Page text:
“We’re All in This Together” at MOCA

The museum will present the multiple-work commission by Miami-based collaborative Nice’n Easy through August 22

Nice'n Easy "We're all in this together" installation. Image courtesy of MOCA.
Nice’n Easy’s “We’re All in This Together” installation. Image courtesy of MOCA.

The Museum of Contemporary Art, North Miami (MOCA) will present “We’re All in This Together,” a commission by Miami-based collaborative Nice’n Easy, through August 22. 

For this playful, yet thought-provoking temporary public installation, MOCA’s front fountain is cleverly transformed to resemble a swimming pool with the addition of a ladder, kitschy pool toys, and human characters. Disrupting the pleasant scene, each of the configurations of objects introduces an element of the uncanny; what  seems familiar to the eye at first reveals something unexpected, humorous, and at times, dark.

Nice'n Easy Life Saver, MOCA Plaza
Life Saver, Nice’n Easy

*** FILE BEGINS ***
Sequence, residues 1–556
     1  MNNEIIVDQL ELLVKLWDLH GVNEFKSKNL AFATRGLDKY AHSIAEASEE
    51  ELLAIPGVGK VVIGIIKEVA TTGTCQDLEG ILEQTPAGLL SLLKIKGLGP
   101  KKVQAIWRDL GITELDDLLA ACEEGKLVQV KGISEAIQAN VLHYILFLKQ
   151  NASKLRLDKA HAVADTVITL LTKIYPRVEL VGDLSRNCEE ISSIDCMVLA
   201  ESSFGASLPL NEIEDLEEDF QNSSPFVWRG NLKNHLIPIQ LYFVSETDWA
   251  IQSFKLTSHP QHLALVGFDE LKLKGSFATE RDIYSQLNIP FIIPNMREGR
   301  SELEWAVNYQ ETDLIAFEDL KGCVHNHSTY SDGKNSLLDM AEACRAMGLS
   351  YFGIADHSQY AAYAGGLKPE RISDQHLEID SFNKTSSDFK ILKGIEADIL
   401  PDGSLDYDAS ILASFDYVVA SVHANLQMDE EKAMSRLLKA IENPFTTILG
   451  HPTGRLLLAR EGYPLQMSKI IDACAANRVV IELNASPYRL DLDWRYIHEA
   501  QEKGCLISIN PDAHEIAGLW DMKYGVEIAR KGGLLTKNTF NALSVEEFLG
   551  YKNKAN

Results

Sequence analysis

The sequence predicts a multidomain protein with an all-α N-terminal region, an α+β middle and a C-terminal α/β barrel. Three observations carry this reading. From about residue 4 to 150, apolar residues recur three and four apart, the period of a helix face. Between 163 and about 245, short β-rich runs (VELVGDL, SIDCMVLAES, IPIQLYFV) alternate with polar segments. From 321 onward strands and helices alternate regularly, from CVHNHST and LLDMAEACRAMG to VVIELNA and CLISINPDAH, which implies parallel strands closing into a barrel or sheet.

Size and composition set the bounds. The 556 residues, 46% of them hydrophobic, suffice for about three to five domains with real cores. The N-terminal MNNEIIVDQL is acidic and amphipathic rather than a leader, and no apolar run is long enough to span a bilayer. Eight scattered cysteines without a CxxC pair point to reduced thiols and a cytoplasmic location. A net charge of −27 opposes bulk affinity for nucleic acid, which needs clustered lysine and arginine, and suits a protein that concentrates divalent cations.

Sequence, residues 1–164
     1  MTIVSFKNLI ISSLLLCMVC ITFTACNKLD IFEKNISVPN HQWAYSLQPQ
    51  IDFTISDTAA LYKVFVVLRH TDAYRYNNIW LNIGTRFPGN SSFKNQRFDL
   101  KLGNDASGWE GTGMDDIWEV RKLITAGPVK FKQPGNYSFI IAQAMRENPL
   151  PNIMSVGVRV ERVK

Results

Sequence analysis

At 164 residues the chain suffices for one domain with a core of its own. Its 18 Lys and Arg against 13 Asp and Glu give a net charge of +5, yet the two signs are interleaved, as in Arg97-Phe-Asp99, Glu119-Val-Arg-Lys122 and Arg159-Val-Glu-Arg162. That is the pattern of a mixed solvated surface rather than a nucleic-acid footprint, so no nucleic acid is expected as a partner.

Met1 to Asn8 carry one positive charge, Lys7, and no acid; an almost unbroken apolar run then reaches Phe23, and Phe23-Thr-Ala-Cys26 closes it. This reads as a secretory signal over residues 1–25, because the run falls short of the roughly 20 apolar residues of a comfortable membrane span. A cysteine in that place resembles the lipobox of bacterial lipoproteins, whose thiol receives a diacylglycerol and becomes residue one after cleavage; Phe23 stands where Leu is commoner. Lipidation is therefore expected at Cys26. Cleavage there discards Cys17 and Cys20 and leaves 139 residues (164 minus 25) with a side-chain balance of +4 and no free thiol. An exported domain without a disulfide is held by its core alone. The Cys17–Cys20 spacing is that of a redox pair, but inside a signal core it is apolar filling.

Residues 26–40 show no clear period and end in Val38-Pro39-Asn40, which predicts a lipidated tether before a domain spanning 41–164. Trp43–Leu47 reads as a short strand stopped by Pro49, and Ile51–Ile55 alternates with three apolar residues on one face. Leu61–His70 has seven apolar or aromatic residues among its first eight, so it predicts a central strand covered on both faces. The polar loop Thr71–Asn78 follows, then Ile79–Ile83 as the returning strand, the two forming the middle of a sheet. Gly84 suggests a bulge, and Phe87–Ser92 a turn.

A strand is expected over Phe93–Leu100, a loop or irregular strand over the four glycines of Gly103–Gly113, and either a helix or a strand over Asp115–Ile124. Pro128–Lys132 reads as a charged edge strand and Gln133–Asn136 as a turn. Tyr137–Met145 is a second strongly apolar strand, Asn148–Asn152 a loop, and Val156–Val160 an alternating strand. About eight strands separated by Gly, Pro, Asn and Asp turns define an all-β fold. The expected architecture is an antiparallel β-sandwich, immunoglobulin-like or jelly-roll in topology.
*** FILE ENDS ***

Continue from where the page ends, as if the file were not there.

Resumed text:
The installation incorporates several individual artworks: Life Saver, Tunnel of Love, Soft Totem, Head in the Sand, But…, and Just Hang in There. In Life Saver, a hand protrudes from the water, ringed by a neon pink inner tube. The hand seems to be reaching for help, but may be unaware of how close the floatation device actually is, or disregards its potential to assist. Viewers grapple with this challenging situation, but are also reminded of the humorous internet meme Drowning High Five (circulated widely by Russian artist Gudim during the COVID-19 pandemic). In this meme, a hand emerging from water is met with a high-five and the caption “We’re all in this together,” rather than rescue. The drowning hand then slips below the waves in a tragic-comic expression of misguided optimism and denial of reality. 

To commemorate the activation, MOCA hosted a virtual “Conversations at MOCA: Nice’n Easy,” on July 14 via Zoom. Nice’n Easy artists Allison Matherly and Jeffrey Noble joined “Art on the Plaza” project curator Amanda Sanfilippo Long to discuss their humorous and surprising site-specific intervention into the MOCA pond. The conversation is available here.

MOCA’s “Art on the Plaza” program is made possible with major support from the North Miami Community Redevelopment Agency.

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